Is Zapier reliable enough for this multi base structure?

I’m setting up my landscape company in Airtable and one major aspect is scheduling subcontractors and collecting data from them in the field. I have a central Base in my Pro workspace that is handling everything from job intake to billing. I want my crews in the field to be able to use the Airtable app to get their daily assigned projects and enter data about what they do that can be used to calculate payroll and billing info. A popular topic around here is the lack of granular sharing permissions and this is something I’m trying to do a workaround for. While data security is a concern, I also don’t want to pay for a license for every crew to use the Pro workspace base and I think that the simplicity of having their own base with only their schedule in it would be a lot easier for them to use. It also gives them a history of what they have done so they can make sure they get paid accordingly and they don’t see what the other subs are doing.

Idea: Create free bases for each subcontractor or each crew in a separate workspace. Create a Zap with logic that will send job instructions along with the original record ID to the subs’ bases from the main base when they are assigned a job. When a job is filled out and clicked as complete in the free base it would trigger a Zap that would update the main base (using the original record ID) with the job data.
**Question:**If I had to create up to 15 auxiliary bases would this web of Zaps be reliable enough or is this just asking for missing data and tracking down failed connections? The update Zaps would run throughout the day and probably not at the same time. The assignment Zaps would run at the same time, maybe as many as 15 at a time(10 fields of data).

I’m moving from smartsheet where I got burned trying to rely on Azuqua to transfer data between sheets so I’m nervous to move forward with what feels like an elaborate workaround that depends on Zapier.

Thanks,
Ross

Hi Ross, and welcome to the Airtable community!

My hunch is that Zapier (and certainly) Integromat are up to this challenge. However, two pieces of advice I might toss out.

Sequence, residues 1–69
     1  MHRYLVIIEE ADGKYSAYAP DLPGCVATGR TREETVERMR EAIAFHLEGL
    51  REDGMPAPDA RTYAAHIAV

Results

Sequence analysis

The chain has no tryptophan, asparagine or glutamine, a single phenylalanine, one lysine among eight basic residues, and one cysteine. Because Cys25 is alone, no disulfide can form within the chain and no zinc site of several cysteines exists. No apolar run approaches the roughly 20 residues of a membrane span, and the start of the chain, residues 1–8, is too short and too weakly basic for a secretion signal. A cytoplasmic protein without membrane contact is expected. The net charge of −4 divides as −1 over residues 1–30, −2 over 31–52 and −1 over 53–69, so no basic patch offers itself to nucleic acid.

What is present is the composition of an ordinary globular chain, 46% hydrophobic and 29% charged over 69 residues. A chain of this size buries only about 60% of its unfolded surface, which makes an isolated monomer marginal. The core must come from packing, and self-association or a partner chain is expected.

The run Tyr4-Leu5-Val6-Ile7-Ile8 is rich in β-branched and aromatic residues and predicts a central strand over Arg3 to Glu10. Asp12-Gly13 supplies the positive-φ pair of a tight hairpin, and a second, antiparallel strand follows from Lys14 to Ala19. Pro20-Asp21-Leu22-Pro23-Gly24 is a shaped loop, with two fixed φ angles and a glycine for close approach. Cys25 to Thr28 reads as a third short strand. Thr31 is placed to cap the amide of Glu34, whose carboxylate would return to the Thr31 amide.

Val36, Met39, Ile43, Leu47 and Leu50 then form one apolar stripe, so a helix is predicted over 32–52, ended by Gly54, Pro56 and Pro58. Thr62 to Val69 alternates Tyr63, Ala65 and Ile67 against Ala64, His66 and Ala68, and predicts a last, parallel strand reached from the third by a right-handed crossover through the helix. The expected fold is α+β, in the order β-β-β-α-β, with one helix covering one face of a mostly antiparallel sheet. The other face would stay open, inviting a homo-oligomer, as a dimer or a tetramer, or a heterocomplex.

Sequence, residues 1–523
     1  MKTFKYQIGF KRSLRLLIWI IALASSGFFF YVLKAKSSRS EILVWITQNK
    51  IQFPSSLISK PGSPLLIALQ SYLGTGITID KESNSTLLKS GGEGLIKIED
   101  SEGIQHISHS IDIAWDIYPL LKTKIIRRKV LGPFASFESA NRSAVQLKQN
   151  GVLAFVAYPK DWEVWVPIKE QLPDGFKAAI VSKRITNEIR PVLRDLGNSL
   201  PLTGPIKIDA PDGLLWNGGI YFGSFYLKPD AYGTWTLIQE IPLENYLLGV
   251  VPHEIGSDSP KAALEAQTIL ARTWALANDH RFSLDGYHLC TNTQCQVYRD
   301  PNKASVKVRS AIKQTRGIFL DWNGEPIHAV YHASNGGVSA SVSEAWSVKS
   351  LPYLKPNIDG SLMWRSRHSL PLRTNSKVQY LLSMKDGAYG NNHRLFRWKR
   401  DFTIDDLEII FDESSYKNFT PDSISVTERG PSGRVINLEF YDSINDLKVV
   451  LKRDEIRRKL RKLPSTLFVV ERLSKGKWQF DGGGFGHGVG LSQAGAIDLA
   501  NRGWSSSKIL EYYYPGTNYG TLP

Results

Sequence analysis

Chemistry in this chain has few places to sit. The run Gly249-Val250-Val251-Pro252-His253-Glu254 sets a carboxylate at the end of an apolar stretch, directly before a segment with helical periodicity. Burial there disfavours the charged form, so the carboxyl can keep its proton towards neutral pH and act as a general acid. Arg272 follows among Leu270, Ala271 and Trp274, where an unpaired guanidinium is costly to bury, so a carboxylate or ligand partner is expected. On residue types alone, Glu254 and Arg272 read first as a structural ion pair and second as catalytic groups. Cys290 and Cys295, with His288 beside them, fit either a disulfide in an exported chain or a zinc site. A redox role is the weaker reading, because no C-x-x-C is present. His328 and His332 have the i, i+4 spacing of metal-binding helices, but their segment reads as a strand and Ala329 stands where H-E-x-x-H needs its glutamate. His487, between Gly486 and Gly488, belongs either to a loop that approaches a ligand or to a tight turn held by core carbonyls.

1. Size the workflow to determine a general estimate of the cost for these tools if it turns out they work, then multiply by 3 (to make it conservative and meet future scale).

  2. Create the complete configuration for just one subcontractor and test the crap out of it for a month to validate that it really works.

I build complex integrations for a living and there is no shortage of businesses that have tried no-code app adhesives like Zapier, and found that they were either too brittle, or too costly. There are many other issues that can impact your architecture and decision to press on.

And to be fair, for every poor outcome I see, there are probably hundreds (maybe thousands) of very successful Zapier/Integromat integration processes that are reliable, sustainable, and cost-effective.

Much of this success (or failure) is closely related to the complexity of the overall solution and that is often gated by the data model and other design choices you make concerning the information architecture.

Lots and of moving parts tend to exponentiate the likelihood you will encounter integration issues.

Hi @Ross_Collins, we’ve done several implementations similar to what you describe, but that being said, they are complex and I agree with @Bill.French - it can get tough to manage very quickly if you don’t set it up correctly. So, I only recommend it if there is a very specific reason for it and you understand the consequences of it.

If you do want to attempt it, you’ll likely require our advanced zapier connector (On2Air: Actions)

Thank y’all for the input. I agree that there are too many things to maintain especially at scale. Too many bases and too many connections to fix or modify down the road. I’ve changed my mind and I’m testing a more simple and scalable solution, the prefilled form that updates a row trick. I created a formula that prefills a form in a dummy base with the original record ID. I then share a read only view that includes the formula field with the link. Then the user enters their info into the form and the new record in the dummy base triggers a zap that goes back and updates the real record. I think this solves all of my problems and this would scale to as many people as I want to assign work to and I only have one zap and one base that I deal with a a dumpster base that will keep the info in case my zap fails.

Have y’all had success with this approach? .

That is one approach. We used to do things that way. Now, we utilize Jotform -> Zapier -> Update Airtable. This approach adds flexibility and doesn’t require an extra table in Airtable for the form updates.

That was one of the reasons we built our other product (On2Air: Forms)

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